AKA - The Numbers Party
It’s the day before my forty-first birthday, and like all true heroes, I’m spending it in IKEA buying a selection of delightful cushions.
A year ago to the day, the magnificently named Dr Pop had told us that a tiny, naked human could emerge from my wife’s nether regions at any given moment. As I was on driving duties, and also because witnessing the birth of my first child with a raging hang-over didn't sound all that groovy, I’d had a fairly chilled out, civilised fortieth birthday.
“We’ll celebrate my fortieth next year yeah?”
“That’s a good idea honey!”
“Yeah! It’ll be mental!”
But now here I am, surrounded by cushions and saucepans and holding something peculiar called a salad spinner. I console myself by imagining that this is exactly how someone like Iggy Pop would have spent his birthdays. In Hungarian IKEAs. He’d probably have been walking around the store in see-thru clingfilm trousers, but he’d have been carrying a salad spinner, no doubt.
My journey through IKEA on my birthday eve is a solo journey, but it's not a lonely one. Largely because Zsuzsa is guiding me through the store via the magic of FaceTime.
“Now go to the storage zone and buy four rattan baskets! Quickly! The store closes in 5 minutes!”
As I hurtle through the store I can’t help but feel as though I’m in a budget version of The Crystal Maze, probably broadcast on Channel 5.
“Honey!” squeaks Zsuzsa through my mobile phone screen as I’m rummaging around, knee deep in wicker. “Don’t you think this is such an efficient way to do IKEA!?”
I decide to bite my tongue. and smile sweetly.
It’s now the morning after my birthday eve.
“Happy birthday honey!” beams my boutique wife, and hands me a piece of paper with the number ‘1’ written on it.
I stare at the piece of paper with blurry eyes.
“We’re having a Numbers Party themed birthday!” says Zsuzsa with a spring in her step, whilst punching the air triumphantly like Rocky Balboa.
As I'm sure you’re all aware, The Numbers Party is Mila’s favourite TV show on her favourite channel, Baby TV. Again, I’m confident that Iggy Pop has had many a Numbers Party themed birthday in his time.
I turn the paper and see “Tojas” written on the other side. I know this word. “Eggs!” Sure enough, the paper is prophetic and eggs are shortly consumed.
Throughout the day I’m handed several numbered pieces of paper, which in turn lead to fun and frolics. For instance, shortly after breakfast, I’m greased up by a tiny Thai lady who then proceeds to clamber all over my egg filled body. An hour or two later and we’re on a guided river cruise down the Danube where an insane audio guide enlightens me with the fact that “Two thirds of the rivers in Hungary are water. The other third is fish.” In the afternoon we ride segways through the streets of Budapest. As the sun begins to set I’m given a birthday cake with the world “Kaki" (Hungarian for Pooh, and Mila’s latest nickname for me) written on it in brown icing. And last, but not least, I'm surprised with a trip to a funky little restaurant.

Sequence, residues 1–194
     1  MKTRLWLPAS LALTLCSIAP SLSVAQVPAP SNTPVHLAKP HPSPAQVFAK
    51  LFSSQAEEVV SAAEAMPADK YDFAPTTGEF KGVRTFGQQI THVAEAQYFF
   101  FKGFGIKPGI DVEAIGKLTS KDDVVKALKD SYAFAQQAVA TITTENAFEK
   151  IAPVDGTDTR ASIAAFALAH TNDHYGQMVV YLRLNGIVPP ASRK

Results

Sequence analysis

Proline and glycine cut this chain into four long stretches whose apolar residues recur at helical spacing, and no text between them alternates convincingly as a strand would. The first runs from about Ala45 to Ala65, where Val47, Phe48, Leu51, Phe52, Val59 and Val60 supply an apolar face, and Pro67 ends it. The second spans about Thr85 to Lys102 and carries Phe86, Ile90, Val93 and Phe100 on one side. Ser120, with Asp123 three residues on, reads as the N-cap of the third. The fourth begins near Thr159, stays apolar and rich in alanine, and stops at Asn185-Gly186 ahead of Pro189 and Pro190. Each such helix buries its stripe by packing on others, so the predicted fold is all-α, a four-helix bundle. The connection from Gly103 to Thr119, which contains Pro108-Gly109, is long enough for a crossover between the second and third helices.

As we head home to our cushion strewn, Hungarian love creche at the end of the evening, I’m exhausted and struggling to hold up my heavy eyelids, but I’m deliriously happy.
I came to Budapest as a childless 39 year old with a penchant for getting himself in to ridiculous situations. A year later and I’m now a 41 year old Dad with a penchant for getting himself in to ridiculous situations. I now have bigger bags under my eyes than ever and more grey hairs than I did before. I fall asleep on the sofa in front of the TV most evenings. I believe that free time is an urban myth and I sometimes pretend that I need to go to the toilet so that I can seek sanctuary in the only sacred solitude that I now have. As I’m writing this, my beautiful, knackered little Zsuzsa is passed out on a heap on the sofa and I don’t think I’m far behind her. Life has certainly changed dramatically in a year, that’s for sure. Once there were two, now there are three, and I’d be lying if I said that I didn't miss the happy go lucky, carefree life we once had from time to time. It was a riot and I loved it, but would I ever go back to it if offered the choice? Of course not (although ask me again at 0500 in the morning when my ear drums are being pounded by the sound of baby screams and Zsuzsa is pleading with me to change Mila’s shitty nappy).
You know what? Life may have changed beyond all recognition, but (after we’ve drunk exceptionally potent coffee) our lust for life has never been stronger.